With school having started, our turnouts for Thursday night have dropped a bit. We have nine tonight, so we’re a table of four and one of five. I’m seated with Brian (the same Brian as last time), playing Rafiq, Patrick with Stonebrow (a choice I have to respect), and Kyle with Azami. Azami is a deck that can get out of hand pretty quickly, so I know we have to keep an eye on him. I don’t have to tell the other two that, as they mention it right out of the gate.

We roll two d10, and Brian sets the tone by rolling double 0s. We mulligan and everyone keeps. The first plane is Fields of Summer.


Brian: Vivid Meadow
Patrick: Vivid Grove. Rolls and gets chaos. Life total to 50.
Me: My hand isn’t great, but it has three lands and a Sol Ring, so I’ve kept. Two of them are EBT (Enters The Battlefield Tapped) lands, but the only deck I’m worried about really coming out of the gates too quickly is Brian’s Rafiq. With some acceleration, he can kill you quickly. I play Barren Moor, thinking that I’ll bounce and cycle it later in the game.
Kyle: Island, also rolls chaos, going to 50.


Brian: Plains, Talisman of Progress (42). There’s his quick start. Rolls and we planeswalk to Goldmeadow. It’s Goat time!
Patrick: Land, get three goats. Rolls chaos, gets fourth goat.
Me: Identical start as Patrick. I drop Sol Ring and roll twice more and get nothing. Still, four goats is okay.
Kyle: Same run into four goats, although it takes him an extra roll to get there.


Brian: Land, three goats. Takes a pain (41) to play Cold-Eyed Selkie.
Patrick: Forest, 3 goats. Rolls chaos and gets eighth goat. Casts Groundbreaker, who blocks with 4 goats (48).
Me: Another reason I kept my opening hand was the Oracle of Mul Daya that I now cast. I get a land off the top and then play Gruul Turf, bouncing Barren Moor. I roll, and while shaking the die, joke that it would be funny if we ended up on Coat of Arms Plane. I roll, and we actually head off to Krosa, which isn’t quite as good, but goats are bigger now.
Kyle: Rolls twice, getting chaos the second time, so he gets 4U in his pool. He casts Gauntlet of Power, naming Blue. He rolls again, and planeswalks to Celestine Reef. Looks like all those goats will be staying home for a while.


Brian: Harrows away his Vivid Meadow and casts a Signet. Attacks Kyle with the Islandwalking Selkie (46). Draws 2 and plays Birds of Paradise.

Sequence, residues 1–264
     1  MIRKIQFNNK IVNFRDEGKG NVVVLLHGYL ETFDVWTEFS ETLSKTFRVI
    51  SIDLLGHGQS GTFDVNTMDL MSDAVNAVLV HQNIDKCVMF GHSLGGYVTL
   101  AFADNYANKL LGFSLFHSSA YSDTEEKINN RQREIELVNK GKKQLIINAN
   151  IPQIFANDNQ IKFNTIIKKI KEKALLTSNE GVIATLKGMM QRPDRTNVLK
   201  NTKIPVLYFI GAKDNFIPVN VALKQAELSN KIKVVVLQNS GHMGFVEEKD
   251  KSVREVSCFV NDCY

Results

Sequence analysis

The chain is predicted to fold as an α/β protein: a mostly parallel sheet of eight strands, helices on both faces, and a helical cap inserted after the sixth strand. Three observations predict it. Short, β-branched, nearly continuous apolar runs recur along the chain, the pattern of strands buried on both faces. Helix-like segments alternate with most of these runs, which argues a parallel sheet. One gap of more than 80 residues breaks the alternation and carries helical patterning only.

Patrick: Keeper of Progenitus. Now we’re talking.
Me: Play a Swamp as my Oracle land. Cycle Barren Moor, cast Crucible of Worlds. Play the Barren Moor again. I keep trying to play the top card off my library, and I have to remind myself that Oracle of Mul Daya isn’t Future Sight. Cast Survival of the Fittest and Bloodchief Ascension. Thanks to Patrick for the extra mana! I roll and we walk to Isle of Vesuva. I predict ridiculousness.
Kyle: Strip Mine, Sol Ring, and a whiff on rolling away. Mentions Generals aren’t so good any more. This will become a point of humor in a bit.


Brian: Troll Ascetic, get a copy. Scute Mob, get a copy. Kyle Rewinds that, getting Brian a point for That Was Rude. Brian then casts Summoning Trap! He gets two copies of Magus of the Future. He reveals Enlisted Wurm, which he casts. He Cascades into Battlegrace Angel, which Kyle decides he needs to counter with Sage’s Dousing.
Patrick: Lurking Predators. Attacks me with Keeper; I chump with a goat.
Me: Asleep at the wheel, I cast Ob Nixilis. Patrick gets two Taurean Maulers off his Predators. I facepalm, realizing Ob is Legendary. I pitch Burning-Tree Shaman to Survival, getting Seedborn Muse. I cast Greater Good. At this point, Seedborn might make me a target for all the fat running around. Without big dudes of my own, no one cares about Greater Good.
Kyle: Casts Azami, which gets big laughs from Patrick and Brian, especially after I had just done the same stupid thing. Patrick whiff off the Predators. Kyle then casts one and gets two Waterspout Weavers.


Brian: Temple of the False God, Mana Vault, and Noble Hierarch (x2). He casts Ardent Plea, and Cascades into a Sigil that he chooses to not play. He resolves Rafiq gets (Alara) Block Party. He rolls three times, the third time walking to Velis Vel!!! Giant goats!!! Attacks Kyle with the Selkie for 14 (32), drawing two hands worth of cards. Drops Whispersilk Cloak. Now it’s ugly.
Patrick: Casts Stonebrow and Ball Lightning. Attack Brian with two giant Maulers and the 11/5 Ball Lightning. Maulers get blocked by goats and he takes the 11 (30). Here’s where I see many inexperienced players would block the trampler. In most cases, the few points of damage you save isn’t worth not having the creature(s). I think Brian definitely makes the right call in not throwing guys under the bus just to save some damage. We then realize that Patrick gets a point for Blackjack.